STOP PRESS: At the XXXth General Assembly of the International Astronomy in Vienna in August 1018 astronomers debated whether to change the name of the law to the Hubble-Lemaitre law to acknowledge the important role that George Lemaitre, a Belgian priest, played in this discovery.  The decision will shortly be put to the members of the IAU – the professional astronomers of the world – for a vote.  A straw poll conducted during the General Assembly suggested that there would be strong support for this motion.


9. Comets were bad omens 

Looking fabulous: Comet ISON on the 8th Oct 2013 as seen through the 0.8m Schulman Telescope. Credit: Adam Block/Mount Lemmon Skycentre/University of Arizona

In the ancient times comets were believed to be bad omens. They were also known as “hairy stars!” You can understand why the ancient people feared them. They are beautiful to look at in the sky, but without the information we know about comets now, their looming presence in the night sky, and often the day time sky, was foreboding. The people viewed them as omens of impending catastrophes or the death of a King or nobleman. Halley’s comet was in the sky just before the Battle of Hastings in 1066 when William the Conquerer conquered England. Today we know Halley’s comet has an orbital period of 76 years, but back in 1066 this was just considered bad timing.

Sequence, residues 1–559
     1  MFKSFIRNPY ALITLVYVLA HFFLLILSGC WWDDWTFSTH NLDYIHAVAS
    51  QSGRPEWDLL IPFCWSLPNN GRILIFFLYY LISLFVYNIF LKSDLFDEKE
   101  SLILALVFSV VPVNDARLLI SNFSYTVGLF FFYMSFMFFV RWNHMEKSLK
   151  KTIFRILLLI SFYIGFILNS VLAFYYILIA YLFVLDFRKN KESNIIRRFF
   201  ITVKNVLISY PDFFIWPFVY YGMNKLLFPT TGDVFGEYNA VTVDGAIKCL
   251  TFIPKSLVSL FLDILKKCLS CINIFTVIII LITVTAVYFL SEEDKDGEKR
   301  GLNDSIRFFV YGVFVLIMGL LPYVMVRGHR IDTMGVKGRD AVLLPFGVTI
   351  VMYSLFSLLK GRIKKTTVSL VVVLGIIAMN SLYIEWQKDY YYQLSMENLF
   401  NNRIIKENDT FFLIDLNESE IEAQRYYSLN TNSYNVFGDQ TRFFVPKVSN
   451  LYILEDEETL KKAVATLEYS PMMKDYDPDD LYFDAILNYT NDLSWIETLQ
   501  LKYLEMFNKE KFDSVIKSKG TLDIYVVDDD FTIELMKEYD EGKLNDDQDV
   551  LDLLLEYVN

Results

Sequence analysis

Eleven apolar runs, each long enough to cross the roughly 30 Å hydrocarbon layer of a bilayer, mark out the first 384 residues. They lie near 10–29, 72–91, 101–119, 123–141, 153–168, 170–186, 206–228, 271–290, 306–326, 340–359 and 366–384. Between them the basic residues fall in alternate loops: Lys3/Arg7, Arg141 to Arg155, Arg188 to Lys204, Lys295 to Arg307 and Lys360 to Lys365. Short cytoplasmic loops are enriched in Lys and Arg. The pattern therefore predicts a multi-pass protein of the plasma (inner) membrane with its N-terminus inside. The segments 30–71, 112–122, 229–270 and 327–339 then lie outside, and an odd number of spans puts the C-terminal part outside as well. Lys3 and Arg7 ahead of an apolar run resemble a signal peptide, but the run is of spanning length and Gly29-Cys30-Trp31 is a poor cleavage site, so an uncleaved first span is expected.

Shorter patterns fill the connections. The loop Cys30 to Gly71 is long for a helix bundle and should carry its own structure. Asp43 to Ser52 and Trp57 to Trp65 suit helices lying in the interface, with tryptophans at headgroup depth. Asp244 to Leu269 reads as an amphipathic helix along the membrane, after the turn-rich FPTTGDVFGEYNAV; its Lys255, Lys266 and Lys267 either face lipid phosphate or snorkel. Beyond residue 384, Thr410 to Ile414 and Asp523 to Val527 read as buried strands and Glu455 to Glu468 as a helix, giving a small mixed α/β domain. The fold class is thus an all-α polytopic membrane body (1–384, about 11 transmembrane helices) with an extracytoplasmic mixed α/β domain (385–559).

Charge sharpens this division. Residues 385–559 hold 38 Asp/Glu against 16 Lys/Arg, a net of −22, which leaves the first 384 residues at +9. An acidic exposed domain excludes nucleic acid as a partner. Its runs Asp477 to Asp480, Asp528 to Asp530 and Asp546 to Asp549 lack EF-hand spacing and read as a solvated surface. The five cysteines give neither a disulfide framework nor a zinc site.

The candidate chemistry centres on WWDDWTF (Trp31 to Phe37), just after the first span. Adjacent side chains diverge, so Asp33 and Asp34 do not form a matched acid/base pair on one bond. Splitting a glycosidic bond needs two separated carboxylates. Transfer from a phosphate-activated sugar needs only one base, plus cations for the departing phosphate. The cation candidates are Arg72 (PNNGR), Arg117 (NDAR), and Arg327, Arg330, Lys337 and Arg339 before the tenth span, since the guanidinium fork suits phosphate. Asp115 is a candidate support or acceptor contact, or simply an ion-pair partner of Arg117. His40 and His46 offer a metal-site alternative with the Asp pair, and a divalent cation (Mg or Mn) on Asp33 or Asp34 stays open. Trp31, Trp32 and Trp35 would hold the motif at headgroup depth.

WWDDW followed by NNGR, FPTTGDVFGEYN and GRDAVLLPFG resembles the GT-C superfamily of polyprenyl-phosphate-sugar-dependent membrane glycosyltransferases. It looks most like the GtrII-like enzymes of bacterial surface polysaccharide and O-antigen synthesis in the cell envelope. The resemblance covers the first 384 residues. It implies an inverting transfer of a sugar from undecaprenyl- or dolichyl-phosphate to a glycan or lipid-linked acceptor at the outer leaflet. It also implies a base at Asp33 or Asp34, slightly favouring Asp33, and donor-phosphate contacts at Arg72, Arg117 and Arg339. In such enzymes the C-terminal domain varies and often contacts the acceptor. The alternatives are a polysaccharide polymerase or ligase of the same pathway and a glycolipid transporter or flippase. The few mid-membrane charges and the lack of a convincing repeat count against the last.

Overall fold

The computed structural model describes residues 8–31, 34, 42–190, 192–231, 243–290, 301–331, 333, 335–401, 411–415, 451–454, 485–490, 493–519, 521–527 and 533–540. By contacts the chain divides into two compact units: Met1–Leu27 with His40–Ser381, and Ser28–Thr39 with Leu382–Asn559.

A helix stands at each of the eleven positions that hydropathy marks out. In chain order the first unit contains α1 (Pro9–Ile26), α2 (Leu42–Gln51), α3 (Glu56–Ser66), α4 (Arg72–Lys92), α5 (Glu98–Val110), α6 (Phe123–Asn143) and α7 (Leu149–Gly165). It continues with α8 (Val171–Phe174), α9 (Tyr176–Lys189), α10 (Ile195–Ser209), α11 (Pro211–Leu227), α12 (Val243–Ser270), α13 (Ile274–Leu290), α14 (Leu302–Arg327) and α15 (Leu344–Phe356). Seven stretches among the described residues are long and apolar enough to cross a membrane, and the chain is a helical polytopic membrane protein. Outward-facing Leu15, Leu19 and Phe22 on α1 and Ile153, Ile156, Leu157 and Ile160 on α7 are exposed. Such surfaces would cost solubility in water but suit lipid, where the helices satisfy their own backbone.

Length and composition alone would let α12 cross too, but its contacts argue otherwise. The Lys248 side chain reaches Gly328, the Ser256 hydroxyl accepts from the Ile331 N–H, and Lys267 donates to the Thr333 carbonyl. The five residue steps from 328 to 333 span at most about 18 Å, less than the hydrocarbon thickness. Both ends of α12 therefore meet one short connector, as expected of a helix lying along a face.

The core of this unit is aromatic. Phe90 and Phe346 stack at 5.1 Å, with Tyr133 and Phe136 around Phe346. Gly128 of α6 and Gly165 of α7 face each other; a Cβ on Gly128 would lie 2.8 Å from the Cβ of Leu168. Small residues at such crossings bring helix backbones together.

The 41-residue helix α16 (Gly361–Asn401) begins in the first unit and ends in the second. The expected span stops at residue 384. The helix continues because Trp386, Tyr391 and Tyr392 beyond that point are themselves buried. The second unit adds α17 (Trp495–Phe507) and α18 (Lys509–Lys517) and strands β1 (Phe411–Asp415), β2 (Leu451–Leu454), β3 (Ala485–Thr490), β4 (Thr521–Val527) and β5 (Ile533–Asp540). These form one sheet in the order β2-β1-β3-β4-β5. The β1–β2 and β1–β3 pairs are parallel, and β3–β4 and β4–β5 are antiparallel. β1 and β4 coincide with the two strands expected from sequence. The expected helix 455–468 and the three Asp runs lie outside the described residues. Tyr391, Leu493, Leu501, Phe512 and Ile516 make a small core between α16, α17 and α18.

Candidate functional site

10. The Earth was flat 

Image of Earth from Apollo 15

Big Blue: Earth photgraphed by the crew of Apollo 15 (Image credit: NASA)

This is probably a controversial one as we all know there is a healthy dose of people who still believe that the Earth is actually flat. Thousands of years ago we believed that the Earth was flat, but we have actually known for over 2,000 years that the Earth is round. Believe us when we say no one is trying to cover up that the Earth is flat. Why would we do that? The Earth is round and we love it.